For a competitive insurance quote, call 0208 255 0617 / 07768 865983 or email your details to

Wednesday, 28 January 2015

The bizarre story of how Tutankhamun’s beard was simply glued back on

A little unconventional – in fact, bizarre!  Such an important and well-known artefact surely cannot be treated in such a way. What a mess!  It seems the botched repair took place last August - and was not done in the conservation lab.  It doesn't make sense. 

Apparently, one 'conservators' present at the repair admitted that glue was ‘inappropriate’, and that the damage was ‘irreversible’.  Clearly there is a gap between the face and the beard, with a layer of yellow glue showing!

According to the BBC:

The blue and gold braided beard on the burial mask of pharaoh Tutankhamun has been hastily glued back on after it was damaged, museum employees say.

But conservators at the Egyptian Museum in Cairo gave differing accounts of the exact circumstances.

Call me to discuss your insurance needs on 0208 2550617 / 07768 865983

Some absolutely fantastic post war buildings have just received their Grade II listing

The hanging gardens of Basingstoke is such a fantastic description of Mountbatten House.  Somehow I always think it looks wrong – as if nature is encroaching on the concrete jungle.  As for 30 Cannon Street, that has always struck me as a ‘flight of fancy’ – or something from a cartoon – driving up Cannon Street.  Fantastic!  All built in the late 1960s and the 1970s – in a way, it is amazing that any are still standing given ‘concrete cancer’ and general buidling techniques in the day.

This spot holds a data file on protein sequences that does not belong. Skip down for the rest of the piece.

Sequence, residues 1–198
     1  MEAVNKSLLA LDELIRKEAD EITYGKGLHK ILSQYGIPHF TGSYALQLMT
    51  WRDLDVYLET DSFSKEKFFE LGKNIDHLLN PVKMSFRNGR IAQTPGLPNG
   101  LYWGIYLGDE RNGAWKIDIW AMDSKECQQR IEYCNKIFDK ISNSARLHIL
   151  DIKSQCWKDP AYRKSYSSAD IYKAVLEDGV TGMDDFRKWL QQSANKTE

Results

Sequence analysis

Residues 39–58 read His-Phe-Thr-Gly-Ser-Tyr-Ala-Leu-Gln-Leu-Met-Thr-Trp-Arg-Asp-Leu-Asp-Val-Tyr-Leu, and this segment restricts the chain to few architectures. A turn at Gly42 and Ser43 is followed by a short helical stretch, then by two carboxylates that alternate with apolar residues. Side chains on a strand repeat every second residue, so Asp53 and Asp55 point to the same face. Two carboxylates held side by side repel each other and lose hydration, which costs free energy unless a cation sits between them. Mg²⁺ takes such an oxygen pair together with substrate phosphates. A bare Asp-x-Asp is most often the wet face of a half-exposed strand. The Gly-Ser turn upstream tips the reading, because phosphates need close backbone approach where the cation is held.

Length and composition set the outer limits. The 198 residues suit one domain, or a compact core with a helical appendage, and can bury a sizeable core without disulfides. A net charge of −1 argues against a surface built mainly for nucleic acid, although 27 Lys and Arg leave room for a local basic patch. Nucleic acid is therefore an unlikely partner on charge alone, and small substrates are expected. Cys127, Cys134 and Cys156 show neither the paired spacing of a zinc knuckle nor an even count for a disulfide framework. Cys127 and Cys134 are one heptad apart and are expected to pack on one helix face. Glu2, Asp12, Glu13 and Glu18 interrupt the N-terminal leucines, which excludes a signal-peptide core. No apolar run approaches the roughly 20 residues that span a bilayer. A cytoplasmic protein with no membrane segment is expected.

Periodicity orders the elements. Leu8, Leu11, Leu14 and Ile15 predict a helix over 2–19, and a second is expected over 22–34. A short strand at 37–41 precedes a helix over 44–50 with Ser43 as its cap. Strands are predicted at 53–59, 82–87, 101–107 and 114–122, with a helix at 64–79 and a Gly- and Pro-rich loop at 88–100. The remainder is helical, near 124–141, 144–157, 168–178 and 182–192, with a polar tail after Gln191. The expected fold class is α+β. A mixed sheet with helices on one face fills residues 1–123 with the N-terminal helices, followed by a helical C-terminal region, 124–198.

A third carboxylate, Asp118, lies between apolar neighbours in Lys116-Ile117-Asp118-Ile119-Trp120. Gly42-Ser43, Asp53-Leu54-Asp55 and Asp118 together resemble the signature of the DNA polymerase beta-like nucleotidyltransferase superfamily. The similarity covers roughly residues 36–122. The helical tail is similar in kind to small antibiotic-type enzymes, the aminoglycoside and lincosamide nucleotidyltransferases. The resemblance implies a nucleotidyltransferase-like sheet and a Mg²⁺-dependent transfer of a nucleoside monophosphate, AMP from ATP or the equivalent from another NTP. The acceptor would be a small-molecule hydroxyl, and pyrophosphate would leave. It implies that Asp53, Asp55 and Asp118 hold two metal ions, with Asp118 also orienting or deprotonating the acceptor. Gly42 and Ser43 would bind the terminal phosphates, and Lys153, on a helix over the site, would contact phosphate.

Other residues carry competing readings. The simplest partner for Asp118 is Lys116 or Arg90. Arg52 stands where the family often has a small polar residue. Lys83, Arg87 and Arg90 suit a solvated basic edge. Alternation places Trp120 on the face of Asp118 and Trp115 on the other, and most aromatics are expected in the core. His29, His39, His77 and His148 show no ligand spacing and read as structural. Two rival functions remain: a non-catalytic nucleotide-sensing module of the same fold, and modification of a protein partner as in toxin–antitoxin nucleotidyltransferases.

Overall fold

Alpha Tower in Birmingham is also great isn’t it?  A mad, modernist sail-like block that looks as if it just shouldn’t be there! 

I hope that you enjoy the pictures as much as I did – really interesting stuff and great news that English Heritage is able to be so ‘un-stuffy’ and forward thinking in their assighments.  

I have struggled to give names and descriptions to the photos below, but they give you a flavour of the buildings - best thing to do is look online at: 

Call me to discuss your insurance needs on 0208 2550617 / 07768 865983


Tuesday, 27 January 2015

Archaeology from Bronze Age Stonehenge country helps experts building huge record of prehistoric objects

Archaeologists working on the Micropasts public archaeology project hope to use a set of drawings and notes relating to artefacts from Wiltshire to create 3D models of some of the finest Bronze Age objects ever found in Britain.

Jennifer Wexler, of the British Museum, where the Bronze Age Index set of cards is held, has examined more than 100 casual finds, lost items and objects from some of the famous barrow cemeteries on Salisbury Plain among the collection, providing detailed descriptions of antiquarian metalwork finds from the past two centuries.

[These cards are a fascinating record of the work carried out in a previous century – and remind me of the work I undertook in 1985 at the Alexand Keiller Museum with the late Isobel Smith.  Dr Smith gave me access to a number of artefacts, as well as to all of the original thin-sections of the Group XIX Mesolithic and Neolithic ground stone axes.  At the time, I believe that they were kept in her attic and I was only allowed to look at them with her present. I believe that I did find the source of the XIX implements - and will divulge all one day.......]  

Call me to discuss your insurance needs on 0208 2550617 / 07768 865983